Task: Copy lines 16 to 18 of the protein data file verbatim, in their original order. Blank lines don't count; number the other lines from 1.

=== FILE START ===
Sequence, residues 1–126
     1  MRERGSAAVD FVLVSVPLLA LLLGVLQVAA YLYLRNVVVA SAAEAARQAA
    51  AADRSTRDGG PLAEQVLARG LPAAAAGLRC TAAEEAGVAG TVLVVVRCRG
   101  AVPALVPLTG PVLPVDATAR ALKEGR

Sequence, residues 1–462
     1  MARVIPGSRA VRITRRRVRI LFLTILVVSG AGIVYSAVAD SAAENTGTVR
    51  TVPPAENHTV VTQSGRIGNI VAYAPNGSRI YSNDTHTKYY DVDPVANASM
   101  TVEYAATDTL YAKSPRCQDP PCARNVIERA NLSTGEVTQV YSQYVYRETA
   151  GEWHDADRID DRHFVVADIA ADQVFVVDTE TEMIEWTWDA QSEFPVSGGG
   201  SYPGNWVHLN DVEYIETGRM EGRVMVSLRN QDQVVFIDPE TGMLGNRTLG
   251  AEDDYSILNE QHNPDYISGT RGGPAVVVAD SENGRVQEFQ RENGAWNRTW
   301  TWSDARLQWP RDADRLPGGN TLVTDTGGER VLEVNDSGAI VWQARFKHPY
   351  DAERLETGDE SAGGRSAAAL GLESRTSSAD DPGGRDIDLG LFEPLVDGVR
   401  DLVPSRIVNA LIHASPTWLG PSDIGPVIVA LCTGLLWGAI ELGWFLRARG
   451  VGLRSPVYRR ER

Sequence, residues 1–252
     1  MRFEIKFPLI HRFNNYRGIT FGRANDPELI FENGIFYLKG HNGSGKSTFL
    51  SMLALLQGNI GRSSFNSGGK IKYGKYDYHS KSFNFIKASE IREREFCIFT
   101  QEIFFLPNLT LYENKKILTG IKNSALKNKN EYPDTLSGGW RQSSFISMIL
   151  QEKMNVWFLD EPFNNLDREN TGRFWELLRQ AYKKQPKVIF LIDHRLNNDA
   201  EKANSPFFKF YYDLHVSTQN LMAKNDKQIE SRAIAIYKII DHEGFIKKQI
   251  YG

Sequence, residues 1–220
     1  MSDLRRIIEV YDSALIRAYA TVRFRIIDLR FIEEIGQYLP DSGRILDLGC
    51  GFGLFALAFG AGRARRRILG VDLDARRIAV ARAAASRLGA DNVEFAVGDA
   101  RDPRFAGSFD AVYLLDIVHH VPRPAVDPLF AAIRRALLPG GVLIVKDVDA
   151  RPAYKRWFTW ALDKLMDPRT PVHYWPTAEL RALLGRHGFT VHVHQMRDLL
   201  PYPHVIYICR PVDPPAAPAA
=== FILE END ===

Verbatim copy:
Sequence, residues 1–252
     1  MRFEIKFPLI HRFNNYRGIT FGRANDPELI FENGIFYLKG HNGSGKSTFL
    51  SMLALLQGNI GRSSFNSGGK IKYGKYDYHS KSFNFIKASE IREREFCIFT